Aram, an ex-soldier from the Armenian cause, has come to France to close an arms deal under secret service surveillance. Held responsible and banished by his faher for his brother's ... See full summary »
Aurora Mardiganian, a young and beautiful Armenian girl, lives with her parents in the Turkish city of Harpoot. Her father, a prosperous merchant, was preparing to send her to the West to ... See full summary »
Anna Q. Nilsson
"Aghet - A Genocide" - On the Armenian Genocide by the Young Turk government of the Ottoman Empire during World War I. It is based on eyewitness reports by European and American personnel ... See full summary »
The iconic "1915 Armenian Genocide" was originally produced in 1980 (digitally restored and re-released in 2010) is based on the eyewitness accounts of four survivors whose compelling story... See full summary »
Internationally known director Carla Garapedian follows the rock band System of a Down as they tour Europe and the US pointing out the horrors of modern genocide that began in Armenia in 1915 up though Darfur today.
People tell stories. In Toronto, an art historian lectures on Arshile Gorky (1904 -1948), an Armenian painter who lived through the Armenian Genocide in the Ottoman Empire. A director invites the historian to help him include Gorky's story in a film about the genocide and Turkish assault on the town of Van. The historian's family is under stress: her son is in love with his step-sister, who blames the historian for the death of her father. The daughter wants to revisit her father's death and change that story. An aging customs agent tells his son about his long interview with the historian's son, who has returned from Turkey with canisters of film. All the stories connect.Written by
Ararat (2002) premiered as part of the 'Official Selection' at the 55th Cannes International Film Festival in 2002, but it was not 'In Competition' for any awards. Atom Egoyan's prior feature [Felicia's Journey (1999)] and his subsequent feature [Where the Truth Lies (2005)], artistically less ambitious films, were both screened 'In Competition' at Cannes. The reasons for "Ararat" not being part of the 'Official Competition' in 2002 are still ambiguous: Some claim there was political pressure on the festival by Turkey, while Egoyan said he himself decided not to enter Ararat (2002) into the competition: "This film is dealing with a period of history that has never been represented before on film. The idea of subjecting that to the additional pressures of a jury - given all the pressures that are on this film already - seemed to be unnecessary." See more »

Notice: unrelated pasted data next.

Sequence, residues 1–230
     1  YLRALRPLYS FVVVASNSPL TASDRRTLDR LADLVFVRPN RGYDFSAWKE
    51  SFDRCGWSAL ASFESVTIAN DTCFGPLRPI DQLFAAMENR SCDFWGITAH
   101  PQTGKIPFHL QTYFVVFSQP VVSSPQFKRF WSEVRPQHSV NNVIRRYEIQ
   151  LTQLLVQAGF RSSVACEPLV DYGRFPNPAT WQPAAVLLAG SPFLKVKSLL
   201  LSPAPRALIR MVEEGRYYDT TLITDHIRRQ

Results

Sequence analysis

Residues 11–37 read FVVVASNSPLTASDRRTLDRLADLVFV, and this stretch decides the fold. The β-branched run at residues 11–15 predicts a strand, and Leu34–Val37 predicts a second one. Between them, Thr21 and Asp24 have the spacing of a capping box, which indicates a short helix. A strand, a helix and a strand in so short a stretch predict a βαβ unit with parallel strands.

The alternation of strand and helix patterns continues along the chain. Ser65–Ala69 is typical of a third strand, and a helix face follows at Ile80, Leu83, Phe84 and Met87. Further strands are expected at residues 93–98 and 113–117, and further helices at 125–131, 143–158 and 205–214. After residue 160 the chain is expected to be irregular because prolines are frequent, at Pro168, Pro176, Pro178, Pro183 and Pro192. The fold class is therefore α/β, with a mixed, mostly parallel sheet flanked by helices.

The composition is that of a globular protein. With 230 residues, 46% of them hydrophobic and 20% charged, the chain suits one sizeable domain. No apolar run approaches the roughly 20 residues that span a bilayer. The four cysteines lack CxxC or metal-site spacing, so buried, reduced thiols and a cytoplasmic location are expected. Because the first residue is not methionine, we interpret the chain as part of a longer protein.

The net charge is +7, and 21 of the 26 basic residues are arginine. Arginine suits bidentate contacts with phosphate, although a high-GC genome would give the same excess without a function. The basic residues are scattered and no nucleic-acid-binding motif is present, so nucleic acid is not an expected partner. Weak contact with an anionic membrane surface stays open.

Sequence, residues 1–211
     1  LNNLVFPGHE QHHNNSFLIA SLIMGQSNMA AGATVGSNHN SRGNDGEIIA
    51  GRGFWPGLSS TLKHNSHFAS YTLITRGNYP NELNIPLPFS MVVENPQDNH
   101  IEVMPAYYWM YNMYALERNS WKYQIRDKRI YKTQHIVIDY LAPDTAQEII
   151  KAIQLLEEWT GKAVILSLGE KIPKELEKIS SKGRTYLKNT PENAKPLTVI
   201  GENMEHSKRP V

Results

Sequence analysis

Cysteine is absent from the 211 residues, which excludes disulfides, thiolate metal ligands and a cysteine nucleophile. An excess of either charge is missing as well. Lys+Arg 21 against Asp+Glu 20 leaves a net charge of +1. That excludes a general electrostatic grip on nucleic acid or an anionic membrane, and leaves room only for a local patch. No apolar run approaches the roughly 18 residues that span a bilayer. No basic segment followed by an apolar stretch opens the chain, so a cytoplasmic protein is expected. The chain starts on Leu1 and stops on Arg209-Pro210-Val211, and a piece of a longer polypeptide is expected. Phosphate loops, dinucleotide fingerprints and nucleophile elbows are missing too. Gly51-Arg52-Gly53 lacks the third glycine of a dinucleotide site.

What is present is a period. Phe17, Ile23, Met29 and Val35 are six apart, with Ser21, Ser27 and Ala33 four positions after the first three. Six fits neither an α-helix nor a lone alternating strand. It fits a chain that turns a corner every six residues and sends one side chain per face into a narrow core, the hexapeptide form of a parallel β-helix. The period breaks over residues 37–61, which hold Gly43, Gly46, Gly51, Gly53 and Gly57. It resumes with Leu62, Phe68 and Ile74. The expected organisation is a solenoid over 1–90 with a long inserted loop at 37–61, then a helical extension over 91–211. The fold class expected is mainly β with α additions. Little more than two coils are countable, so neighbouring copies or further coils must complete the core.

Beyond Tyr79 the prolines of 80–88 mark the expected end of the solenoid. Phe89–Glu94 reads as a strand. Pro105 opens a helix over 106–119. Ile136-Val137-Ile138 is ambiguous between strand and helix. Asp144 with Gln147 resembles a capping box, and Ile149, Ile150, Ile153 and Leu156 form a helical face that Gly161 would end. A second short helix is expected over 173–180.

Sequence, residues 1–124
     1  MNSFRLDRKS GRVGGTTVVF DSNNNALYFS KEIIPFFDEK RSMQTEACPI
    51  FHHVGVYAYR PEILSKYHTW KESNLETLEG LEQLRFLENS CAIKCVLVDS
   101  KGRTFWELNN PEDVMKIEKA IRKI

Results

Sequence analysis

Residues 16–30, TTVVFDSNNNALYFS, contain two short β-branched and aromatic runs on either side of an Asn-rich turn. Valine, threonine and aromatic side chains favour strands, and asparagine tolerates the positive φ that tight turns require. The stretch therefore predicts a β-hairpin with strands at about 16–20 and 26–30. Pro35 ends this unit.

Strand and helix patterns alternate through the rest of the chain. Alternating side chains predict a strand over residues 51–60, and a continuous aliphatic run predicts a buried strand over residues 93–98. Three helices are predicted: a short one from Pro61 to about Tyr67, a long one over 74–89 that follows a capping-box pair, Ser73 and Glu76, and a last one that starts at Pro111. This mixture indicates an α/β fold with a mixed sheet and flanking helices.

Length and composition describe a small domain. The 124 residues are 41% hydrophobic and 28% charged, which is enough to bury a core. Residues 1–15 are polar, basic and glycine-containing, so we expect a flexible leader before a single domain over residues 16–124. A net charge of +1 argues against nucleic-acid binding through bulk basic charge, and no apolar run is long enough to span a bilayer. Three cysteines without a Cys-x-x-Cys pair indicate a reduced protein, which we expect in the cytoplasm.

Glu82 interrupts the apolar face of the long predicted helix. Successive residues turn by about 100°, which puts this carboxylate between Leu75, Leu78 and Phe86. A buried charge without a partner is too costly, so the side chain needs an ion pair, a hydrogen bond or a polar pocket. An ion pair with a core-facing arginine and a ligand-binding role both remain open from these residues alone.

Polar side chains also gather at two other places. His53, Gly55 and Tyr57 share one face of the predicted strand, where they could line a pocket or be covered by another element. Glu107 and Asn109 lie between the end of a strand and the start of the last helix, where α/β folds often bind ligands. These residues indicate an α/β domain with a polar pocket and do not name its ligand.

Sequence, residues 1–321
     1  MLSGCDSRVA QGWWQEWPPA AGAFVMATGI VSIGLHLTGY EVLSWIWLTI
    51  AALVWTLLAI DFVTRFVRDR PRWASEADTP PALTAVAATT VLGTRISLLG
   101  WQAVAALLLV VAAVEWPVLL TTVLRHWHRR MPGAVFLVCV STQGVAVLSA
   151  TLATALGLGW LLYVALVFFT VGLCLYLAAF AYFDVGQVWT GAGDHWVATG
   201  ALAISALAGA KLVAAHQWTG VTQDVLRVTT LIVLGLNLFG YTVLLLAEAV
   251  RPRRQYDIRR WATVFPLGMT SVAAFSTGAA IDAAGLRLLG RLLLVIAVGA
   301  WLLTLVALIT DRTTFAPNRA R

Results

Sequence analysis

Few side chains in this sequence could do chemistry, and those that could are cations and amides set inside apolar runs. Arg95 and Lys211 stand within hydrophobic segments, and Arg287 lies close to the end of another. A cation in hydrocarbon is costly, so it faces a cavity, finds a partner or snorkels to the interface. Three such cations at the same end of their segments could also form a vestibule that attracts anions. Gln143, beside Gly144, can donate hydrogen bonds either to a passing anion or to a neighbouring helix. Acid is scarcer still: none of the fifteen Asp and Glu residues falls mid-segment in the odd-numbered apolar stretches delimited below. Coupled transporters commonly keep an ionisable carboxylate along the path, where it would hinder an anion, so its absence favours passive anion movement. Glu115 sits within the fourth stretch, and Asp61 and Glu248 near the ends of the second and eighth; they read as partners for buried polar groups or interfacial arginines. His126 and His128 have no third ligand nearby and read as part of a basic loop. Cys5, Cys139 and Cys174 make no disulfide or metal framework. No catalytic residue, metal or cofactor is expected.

Ali, actor playing Jevdet Bey:
[to Edward Saroyan]
I think the Turks had a real reason to believe that the Armenians were a threat to their security. I mean, their eastern border was threatened by Russia and, I mean, if they believed that the Armenians were gonna betray them, so this was their war. Populations get moved around all the time.
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Closing disclaimers: 1) The historical events in this film have been substantiated by holocaust scholars, national archives, and eyewitness accounts, including that of Clarence Ussher. 2) To this day, Turkey continues to deny the Armenian Genocide of 1915. See more »
(Politically Lying, Unholy, Cowardly Killers)
Performed by System of a Down
Written by Daron Malakian (as Malakian) / Serj Tankian (as Tankian) / Shavo Odadjian (as Odajian) / John Dolmayan (as Dolmayan)
DDevil Music (ASCAP)/ System of Down (ASCAP)/ Sony/ ATV Tunes LLC,
All rights on behalf of DDevil Music, System of A Down & Sony/ ATV Tunes LLC
Administered by SONY/ ATV Music Publishing, 8 Music Square West, Nashville, TN 37202
All rights reserved. Used by Permission See more »
Ok, ok, we get the message. Jeesh!
"Ararat" is a messy story about Armenians making a film about Armenians and lecturing about Armenians while showing historical retrospectives about Armenians...etc. This convoluted hodge-podge of dramas has an obvious common denominator. Armenians. Specifically the genocidal killing of 1.5 million Armenians in 1915 during WWI by the Turks. The film fails as a history lesson as we could learn more in 15 minutes of Inet surfing. It fails as a drama because all the characters are overacted, everything is waaaaaay too serious, and the screenplay simply tries to do too much in too little time. For Armenians or those with an interest in Armenians only. (C+)
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